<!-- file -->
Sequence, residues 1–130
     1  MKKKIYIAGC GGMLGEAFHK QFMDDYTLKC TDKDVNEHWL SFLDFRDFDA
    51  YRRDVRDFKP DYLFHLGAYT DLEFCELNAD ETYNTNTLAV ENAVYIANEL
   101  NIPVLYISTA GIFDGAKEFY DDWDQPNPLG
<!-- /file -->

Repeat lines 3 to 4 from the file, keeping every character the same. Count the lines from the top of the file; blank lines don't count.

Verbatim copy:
    51  YRRDVRDFKP DYLFHLGAYT DLEFCELNAD ETYNTNTLAV ENAVYIANEL
   101  NIPVLYISTA GIFDGAKEFY DDWDQPNPLG